When I saw “#JewishPrivilege” was trending on Twitter last week, I cringed. Whenever something on a Jewish topic trends, a swarm of anti-Semites surely abound. This time was no exception: White nationalists had created the hashtag to spread anti-Semitic conspiracies about Jews being “privileged” — that we control the media, the banks and the world.
Jews from the Middle East like myself will never be able to assimilate into the white majority.
Leftist voices soon joined in, perhaps because the hashtag had co-opted the term of “white privilege” that is used in the social justice movement. Seemingly progressive Twitter users soon piled on with false claims that Jews don’t face any discrimination, while also suggesting they are responsible for the discrimination and other ills many minorities face.
While I’ve seen countless ignorant ideas spread on Twitter, #JewishPrivilege uniquely terrified me. Unlike the random pockets of online hate speech that I’m used to, this felt like an organized attack — as if everyone, from left to right, was in agreement that Jewish people are to be blamed for all that is wrong in the world.
The virtual mob of anti-Semites sparked flashbacks to my Iraqi grandma retelling stories of surviving the Farhud, a massacre in which a real-life mob of Iraqis murdered all the Jews they could in Baghdad back in 1941. Just as Twitter did not stop the hashtag, the world fell silent during the Farhud, and its horrors are rarely mentioned today.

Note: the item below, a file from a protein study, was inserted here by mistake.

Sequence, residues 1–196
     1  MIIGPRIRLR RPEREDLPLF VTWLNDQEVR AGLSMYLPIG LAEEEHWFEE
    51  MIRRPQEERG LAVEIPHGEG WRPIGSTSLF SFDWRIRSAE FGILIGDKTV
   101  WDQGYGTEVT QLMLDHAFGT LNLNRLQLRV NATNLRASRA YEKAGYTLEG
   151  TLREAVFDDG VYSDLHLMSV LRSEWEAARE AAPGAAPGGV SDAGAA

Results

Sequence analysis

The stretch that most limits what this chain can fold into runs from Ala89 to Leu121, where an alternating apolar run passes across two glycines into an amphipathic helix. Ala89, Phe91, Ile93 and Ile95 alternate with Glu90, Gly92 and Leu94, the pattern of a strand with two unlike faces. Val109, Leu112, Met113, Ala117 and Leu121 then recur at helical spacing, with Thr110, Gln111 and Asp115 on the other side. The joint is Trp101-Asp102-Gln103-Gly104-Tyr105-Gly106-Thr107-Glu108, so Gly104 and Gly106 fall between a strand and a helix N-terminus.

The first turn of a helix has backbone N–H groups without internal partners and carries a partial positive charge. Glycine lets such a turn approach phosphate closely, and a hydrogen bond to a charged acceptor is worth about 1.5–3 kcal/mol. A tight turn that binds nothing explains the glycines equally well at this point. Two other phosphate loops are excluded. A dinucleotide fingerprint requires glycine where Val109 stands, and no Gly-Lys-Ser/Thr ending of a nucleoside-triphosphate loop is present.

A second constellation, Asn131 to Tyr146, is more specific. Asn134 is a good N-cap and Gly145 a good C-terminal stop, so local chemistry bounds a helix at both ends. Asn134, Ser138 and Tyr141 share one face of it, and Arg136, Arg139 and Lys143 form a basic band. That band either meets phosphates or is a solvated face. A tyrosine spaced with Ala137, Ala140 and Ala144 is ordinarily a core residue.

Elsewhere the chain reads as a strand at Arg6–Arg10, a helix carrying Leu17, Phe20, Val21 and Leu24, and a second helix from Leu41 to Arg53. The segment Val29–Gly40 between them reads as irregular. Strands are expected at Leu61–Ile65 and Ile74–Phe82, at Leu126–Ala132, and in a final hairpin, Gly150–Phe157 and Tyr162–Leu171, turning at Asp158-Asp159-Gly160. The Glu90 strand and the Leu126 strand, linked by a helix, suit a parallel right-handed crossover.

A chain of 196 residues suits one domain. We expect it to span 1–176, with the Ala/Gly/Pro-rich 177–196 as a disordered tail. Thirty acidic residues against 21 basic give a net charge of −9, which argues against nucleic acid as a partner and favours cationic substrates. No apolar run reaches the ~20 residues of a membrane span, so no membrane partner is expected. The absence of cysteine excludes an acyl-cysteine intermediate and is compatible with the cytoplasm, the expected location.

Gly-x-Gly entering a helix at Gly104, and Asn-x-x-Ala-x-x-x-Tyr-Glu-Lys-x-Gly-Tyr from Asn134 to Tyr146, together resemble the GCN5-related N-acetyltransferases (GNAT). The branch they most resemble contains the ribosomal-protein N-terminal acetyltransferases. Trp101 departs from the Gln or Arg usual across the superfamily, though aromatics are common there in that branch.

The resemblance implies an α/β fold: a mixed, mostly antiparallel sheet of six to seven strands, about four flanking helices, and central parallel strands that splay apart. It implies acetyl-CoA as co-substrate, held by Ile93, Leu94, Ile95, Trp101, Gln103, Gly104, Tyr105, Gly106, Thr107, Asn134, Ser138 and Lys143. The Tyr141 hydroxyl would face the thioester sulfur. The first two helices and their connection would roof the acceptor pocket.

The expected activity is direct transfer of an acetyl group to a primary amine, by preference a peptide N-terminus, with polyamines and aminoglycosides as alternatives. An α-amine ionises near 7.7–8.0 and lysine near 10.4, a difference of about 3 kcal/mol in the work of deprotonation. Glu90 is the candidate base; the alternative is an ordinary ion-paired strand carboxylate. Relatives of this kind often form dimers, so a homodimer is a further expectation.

On Sunday, I decided I had to do something, to take action for my grandmother Hela. So I urged Jews on Twitter to share their personal stories to refute the #JewishPrivilege falsehood.
In a matter of hours, my message had been liked and retweeted thousands of times. And the hashtag was being used again and again by Jews sharing their experiences of discrimination, violence, exile and mass murder. Their survival stories were heartbreaking. But I went to sleep feeling empowered.
When I woke up, the hashtag was trending again — but this time, because Jews were using it, not anti-Semites.
The tweeters included celebrities who often talk about their Jewishness, such as comedians Sarah Silverman and David Baddiel, as well as others who are not as outspoken about their heritage, including actor Josh Gad, former Democratic presidential candidate Marianne Williamson and “The Wire“ creator David Simon. Their posts were not only focused on the Holocaust and historic anti-Semitism, but also on the discrimination and the bigotry that they personally were subjected to much more recently in Christian-dominated societies.
Minorities have criticized social media platforms’ refusal to take action against online hate for years, and since we cannot depend on Facebook, Twitter, Instagram and now TikTok to protect us, we need to take action ourselves. By “flipping” a social media attack, any minority group can take a bigoted online trend and turn it into an educational moment that provides resources for those who know little about the respective minority group.
Thousands of years ago, this tactic was employed by Ancient Greek rhetoricians. It was called an “antistrophon,” for turning an opponent's argument back on themselves. Sadly, anti-Semitism dates back as far as the Greeks, and no amount of whitewashing from bigots on the right or the left will erase that reality. So we must continue to expose and fight it.